Definition-use graph

De Software testing
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Concepts


Facts

  • The definition-use graph is called of DUG. <bib>vincenzi-etal:slides:2007</bib>, <bib>vincenzi-maldonado:slides:2007</bib>
  • The definition-use graph can be static or dynamically analyzed: statically to examine the diagram (formally through inspections or informally through look-sees); dynamically to construct and execute test cases. <bib>vincenzi-maldonado:slides:2007</bib>


Procedures

  • Definition-use graph construction <bib>mathur:2008, 458</bib>
    1. Consider a control-flow graph G = (N, E) of a program P, where N is the set of nodes and E the set of edges. Each node in G corresponds to a code block in P: those blocks are denoted as <math>b_{1}, b_{2}, ..., b_{k}</math>, assuming that P contains k > 0 code blocks.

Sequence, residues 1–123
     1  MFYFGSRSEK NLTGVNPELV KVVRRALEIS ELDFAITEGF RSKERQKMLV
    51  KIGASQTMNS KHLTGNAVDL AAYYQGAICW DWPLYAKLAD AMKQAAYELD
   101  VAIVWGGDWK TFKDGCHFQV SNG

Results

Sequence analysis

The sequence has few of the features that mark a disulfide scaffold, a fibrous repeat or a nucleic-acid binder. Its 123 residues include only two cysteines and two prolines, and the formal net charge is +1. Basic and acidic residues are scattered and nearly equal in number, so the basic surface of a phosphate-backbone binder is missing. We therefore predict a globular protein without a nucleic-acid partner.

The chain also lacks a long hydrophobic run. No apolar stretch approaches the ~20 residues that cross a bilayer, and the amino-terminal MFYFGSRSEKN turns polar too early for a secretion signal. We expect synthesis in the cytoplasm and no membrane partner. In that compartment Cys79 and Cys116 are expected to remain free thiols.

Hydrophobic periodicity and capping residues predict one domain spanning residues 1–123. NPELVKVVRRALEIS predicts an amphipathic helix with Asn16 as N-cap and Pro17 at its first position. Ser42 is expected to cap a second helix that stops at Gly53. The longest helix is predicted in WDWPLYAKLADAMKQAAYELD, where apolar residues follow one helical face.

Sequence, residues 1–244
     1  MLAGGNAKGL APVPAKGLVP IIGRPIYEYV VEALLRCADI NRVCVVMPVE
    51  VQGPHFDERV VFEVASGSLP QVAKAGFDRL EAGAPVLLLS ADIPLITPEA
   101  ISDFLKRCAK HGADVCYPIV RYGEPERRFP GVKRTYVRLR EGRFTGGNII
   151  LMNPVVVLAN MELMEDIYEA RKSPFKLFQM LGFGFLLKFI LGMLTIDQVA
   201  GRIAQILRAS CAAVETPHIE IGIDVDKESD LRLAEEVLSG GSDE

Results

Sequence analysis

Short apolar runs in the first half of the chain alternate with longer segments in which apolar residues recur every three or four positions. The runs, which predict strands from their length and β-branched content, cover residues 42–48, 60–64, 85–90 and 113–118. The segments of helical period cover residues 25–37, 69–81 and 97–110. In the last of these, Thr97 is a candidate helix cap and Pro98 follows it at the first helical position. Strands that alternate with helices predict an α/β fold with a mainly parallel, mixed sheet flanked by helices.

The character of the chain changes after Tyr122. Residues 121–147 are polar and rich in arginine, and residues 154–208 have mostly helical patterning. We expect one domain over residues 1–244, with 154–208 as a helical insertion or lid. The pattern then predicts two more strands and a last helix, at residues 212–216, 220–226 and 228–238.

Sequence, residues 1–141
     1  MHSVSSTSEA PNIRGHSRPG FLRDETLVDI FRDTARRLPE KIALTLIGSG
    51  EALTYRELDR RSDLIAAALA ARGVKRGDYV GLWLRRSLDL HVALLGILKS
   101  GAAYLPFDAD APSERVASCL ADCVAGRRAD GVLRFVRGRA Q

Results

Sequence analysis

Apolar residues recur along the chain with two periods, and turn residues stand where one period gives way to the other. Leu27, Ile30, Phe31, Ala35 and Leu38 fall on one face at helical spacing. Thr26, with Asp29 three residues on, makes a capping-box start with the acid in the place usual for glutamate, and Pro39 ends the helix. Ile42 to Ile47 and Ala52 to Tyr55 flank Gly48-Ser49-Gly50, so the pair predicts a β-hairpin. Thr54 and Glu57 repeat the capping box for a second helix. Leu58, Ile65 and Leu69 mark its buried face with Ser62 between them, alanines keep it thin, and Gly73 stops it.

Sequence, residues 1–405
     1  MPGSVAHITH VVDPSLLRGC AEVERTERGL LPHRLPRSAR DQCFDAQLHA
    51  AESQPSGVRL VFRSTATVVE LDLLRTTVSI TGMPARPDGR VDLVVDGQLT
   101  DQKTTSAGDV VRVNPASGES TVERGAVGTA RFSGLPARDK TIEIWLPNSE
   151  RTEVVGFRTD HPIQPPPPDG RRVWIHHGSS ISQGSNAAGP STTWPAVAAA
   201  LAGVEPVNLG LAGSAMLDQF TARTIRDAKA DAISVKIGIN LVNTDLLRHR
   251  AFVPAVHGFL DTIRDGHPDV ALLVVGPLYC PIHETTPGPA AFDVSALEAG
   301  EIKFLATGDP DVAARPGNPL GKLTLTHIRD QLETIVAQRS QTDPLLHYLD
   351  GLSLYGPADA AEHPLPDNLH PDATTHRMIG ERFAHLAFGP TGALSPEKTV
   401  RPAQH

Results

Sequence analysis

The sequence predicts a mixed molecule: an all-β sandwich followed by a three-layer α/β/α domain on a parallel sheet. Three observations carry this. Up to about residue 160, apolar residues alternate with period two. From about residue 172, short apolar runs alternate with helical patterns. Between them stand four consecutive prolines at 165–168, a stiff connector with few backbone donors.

2. Let <math>def_{i}</math> denote the set of variables defined in code block i.
    3. Let <math>c-use_{i}</math> denote the set of variables that have a computational use in code block i.
    4. Let <math>p-use_{i}</math> denote the set of variables that have a predicative use in code block i.
    5. Compute <math>def_{i}</math>, <math>c-use_{i}</math>, and <math>p-use_{i}</math> for each code block i in P.
    6. Associate each node i in N with <math>def_{i}</math>, <math>c-use_{i}</math>, and <math>p-use_{i}</math>.
    7. For each node i that as a nonempty predicative use sets and ends in condition C, associate edges (i, j) and (i, k) with C and !C, respectively, given that edge (i, j) is taken when the condition is true and (i, k) is taken when the condition is false.